|Google Open Sources Accurate Parser - Parsey McParseface|
|Written by Mike James|
|Friday, 13 May 2016|
A lot of news items are making much of the naming of Google's English parser "Parsey McParseface", but there is some serious AI going on, as well as a sort of joke.
We tend to think these days that there is only one sensible approach to AI - end-to-end deep neural networks in which you put the raw data in one end and out comes the response you require. However, there are other more "structured" approaches. For example, you can tackle language understanding with an end-to-end approach just feed the words in and hope that meaning comes out. On the other hand, there is a long tradition of analyzing language using grammar. In this case you take a block of language and break it down into sentences and then the sentences into nouns and verbs and other parts of speech.
Finding the grammatical structure of language is generally called parsing hence the name of Google's English parser - Parsey McParseface - and if you don't know where this strange construction comes from you have missed the recent controversy over the naming of a UK research ship. In good democratic style its name was put to a public vote and Boaty McBoatface was the winner. In a complete disregard for democracy the ship was named the Sir David Attenborough. I suppose you could say that Google has named the parser in honour of the Boaty McBoatface incident, but you could also just count it as another example of the poor naming of open source projects.
Moving on to the actual code, which is what really matters. Parsey McParseface is claimed to be the most accurate linguistic model in the world. As you might guess there is a neural network involved, even if this is a traditional parsing approach to language understanding. Another thing you could guess is that SyntaxNet was built using TensorFlow, Google's open source framework for all sorts of parallel computations.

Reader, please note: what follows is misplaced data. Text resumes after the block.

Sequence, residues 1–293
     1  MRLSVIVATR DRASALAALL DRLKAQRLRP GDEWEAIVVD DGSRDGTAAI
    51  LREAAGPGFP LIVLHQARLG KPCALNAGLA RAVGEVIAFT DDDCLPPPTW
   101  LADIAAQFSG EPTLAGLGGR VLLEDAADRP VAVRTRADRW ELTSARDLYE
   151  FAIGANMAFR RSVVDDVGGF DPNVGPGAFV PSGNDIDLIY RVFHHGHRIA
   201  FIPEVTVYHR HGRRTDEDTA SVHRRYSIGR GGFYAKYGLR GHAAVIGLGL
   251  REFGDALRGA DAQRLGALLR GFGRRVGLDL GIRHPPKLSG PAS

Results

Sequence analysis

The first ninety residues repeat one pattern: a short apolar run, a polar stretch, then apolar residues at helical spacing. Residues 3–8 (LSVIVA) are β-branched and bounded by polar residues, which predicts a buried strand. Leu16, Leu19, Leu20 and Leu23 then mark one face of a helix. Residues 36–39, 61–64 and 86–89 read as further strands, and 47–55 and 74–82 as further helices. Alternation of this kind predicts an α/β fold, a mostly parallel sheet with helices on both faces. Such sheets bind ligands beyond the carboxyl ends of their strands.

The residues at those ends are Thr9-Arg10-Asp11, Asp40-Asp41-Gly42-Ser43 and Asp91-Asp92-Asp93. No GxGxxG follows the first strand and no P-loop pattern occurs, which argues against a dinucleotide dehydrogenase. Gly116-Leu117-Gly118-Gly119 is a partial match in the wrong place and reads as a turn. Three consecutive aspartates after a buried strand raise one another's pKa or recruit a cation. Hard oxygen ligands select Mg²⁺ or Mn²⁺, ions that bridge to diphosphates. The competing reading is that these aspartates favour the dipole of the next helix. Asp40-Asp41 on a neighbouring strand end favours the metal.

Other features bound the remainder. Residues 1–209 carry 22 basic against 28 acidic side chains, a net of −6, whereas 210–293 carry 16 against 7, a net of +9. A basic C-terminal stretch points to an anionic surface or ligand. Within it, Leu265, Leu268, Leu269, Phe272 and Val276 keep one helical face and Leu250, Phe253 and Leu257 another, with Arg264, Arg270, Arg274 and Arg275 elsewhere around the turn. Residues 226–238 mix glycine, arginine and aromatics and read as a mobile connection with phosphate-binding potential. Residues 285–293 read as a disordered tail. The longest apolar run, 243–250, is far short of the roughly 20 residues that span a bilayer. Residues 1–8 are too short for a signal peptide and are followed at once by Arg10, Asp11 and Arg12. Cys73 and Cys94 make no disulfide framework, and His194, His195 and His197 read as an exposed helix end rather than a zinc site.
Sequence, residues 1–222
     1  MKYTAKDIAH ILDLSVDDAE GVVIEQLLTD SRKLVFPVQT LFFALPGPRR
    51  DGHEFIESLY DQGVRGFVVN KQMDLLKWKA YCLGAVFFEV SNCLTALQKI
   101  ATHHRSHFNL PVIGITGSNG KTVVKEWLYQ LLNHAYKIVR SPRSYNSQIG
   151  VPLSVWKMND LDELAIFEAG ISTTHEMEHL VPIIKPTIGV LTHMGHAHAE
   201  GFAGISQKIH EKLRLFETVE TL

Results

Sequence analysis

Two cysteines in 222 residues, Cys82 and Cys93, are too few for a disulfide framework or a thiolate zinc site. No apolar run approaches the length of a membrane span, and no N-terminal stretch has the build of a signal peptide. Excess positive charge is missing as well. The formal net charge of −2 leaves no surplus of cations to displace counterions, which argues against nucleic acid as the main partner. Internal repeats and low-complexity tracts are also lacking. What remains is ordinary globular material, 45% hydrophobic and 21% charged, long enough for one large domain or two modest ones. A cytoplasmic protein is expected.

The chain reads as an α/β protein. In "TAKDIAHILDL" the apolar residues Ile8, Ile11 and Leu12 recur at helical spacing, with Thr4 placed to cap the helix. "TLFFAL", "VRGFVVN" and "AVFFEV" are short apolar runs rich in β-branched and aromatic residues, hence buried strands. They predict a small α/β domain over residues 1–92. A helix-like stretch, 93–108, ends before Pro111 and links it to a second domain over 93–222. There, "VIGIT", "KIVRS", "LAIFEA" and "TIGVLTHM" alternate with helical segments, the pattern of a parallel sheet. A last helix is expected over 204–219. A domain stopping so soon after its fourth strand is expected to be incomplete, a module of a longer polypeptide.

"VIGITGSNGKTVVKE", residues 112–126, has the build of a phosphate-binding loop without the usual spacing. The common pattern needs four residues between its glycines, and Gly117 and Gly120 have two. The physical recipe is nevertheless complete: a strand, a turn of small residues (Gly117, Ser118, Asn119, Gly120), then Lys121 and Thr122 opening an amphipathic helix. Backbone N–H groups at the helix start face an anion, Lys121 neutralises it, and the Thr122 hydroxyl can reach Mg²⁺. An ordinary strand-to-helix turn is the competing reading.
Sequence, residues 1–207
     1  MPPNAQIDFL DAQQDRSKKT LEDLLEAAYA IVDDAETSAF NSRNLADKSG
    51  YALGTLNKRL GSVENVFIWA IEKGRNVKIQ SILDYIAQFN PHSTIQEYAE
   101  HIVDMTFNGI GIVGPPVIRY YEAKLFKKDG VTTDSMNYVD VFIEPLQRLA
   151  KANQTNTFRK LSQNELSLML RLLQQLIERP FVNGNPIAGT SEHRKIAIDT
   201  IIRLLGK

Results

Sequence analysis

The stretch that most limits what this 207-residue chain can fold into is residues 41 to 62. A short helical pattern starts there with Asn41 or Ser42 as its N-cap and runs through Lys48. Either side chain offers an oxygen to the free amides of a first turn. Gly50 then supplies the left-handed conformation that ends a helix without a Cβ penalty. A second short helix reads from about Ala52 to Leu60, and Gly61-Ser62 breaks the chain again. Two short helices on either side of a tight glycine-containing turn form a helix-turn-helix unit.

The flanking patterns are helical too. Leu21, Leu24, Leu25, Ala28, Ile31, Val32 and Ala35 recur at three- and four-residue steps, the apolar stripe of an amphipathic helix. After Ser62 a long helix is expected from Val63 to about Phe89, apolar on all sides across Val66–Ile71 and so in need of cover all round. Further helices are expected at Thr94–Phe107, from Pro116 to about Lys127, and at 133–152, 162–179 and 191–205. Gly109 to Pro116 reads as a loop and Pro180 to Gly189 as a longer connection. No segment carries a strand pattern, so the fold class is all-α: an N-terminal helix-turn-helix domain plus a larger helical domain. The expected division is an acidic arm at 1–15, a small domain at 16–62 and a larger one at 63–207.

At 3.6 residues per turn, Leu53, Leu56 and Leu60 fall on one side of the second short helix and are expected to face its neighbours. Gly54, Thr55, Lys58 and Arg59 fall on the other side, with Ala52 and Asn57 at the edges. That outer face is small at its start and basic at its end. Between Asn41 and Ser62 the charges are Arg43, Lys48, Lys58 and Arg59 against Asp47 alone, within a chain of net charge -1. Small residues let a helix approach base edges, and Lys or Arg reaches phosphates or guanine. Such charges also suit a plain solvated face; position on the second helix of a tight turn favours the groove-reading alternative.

A parse in action
The neural network is trained by applying sentences with accurate parse sequences. When used to parse a sentence the words are presented one at a time and possible parses, as judged by the network, are kept. As words are added, the best parse changes and candidates are dropped. If this sounds easy you need to keep in mind what the blog says:
"It is not uncommon for moderate length sentences - say 20 or 30 words in length - to have hundreds, thousands, or even tens of thousands of possible syntactic structures."
The neural network is used to reduce this huge number of possibles to a smaller number of likely candidates.
Two correct parses but only one corresponds to the real world.
If after staring at the diagram you don't see the incorrect interpretation think about the idea of there being a street in her car!
Parsey McParseface is a trained example of SyntaxNet. You can use it to parse English texts and you can train SyntaxNet to produce your own specialized parser. Parsey, to use its first name, is good at dependencies between words, achieving 94% accuracy which is better than previous state of the art systems and approaching human performance on well formed text. On less well formed text it achieves 90% accuracy.
This is claimed to be enough to be useful in real world applications. The errors that it makes will probably need a neural network working at a level other than syntax analysis, because they depend on real world knowledge to get right.
What sorts of things can you use it for?
While syntax analysis doesn't give you the meaning of a sentence it does help you towards the meaning. To know the subject, object and verb parts of the sentence can allow you to write a bot that responds correctly to commands. It can also be used to extract information from news stories and other text-based data. However you still have a lot of work to do to make any of these applications work convincingly. Syntax is only a guide to semantics.
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|Last Updated ( Friday, 13 May 2016 )|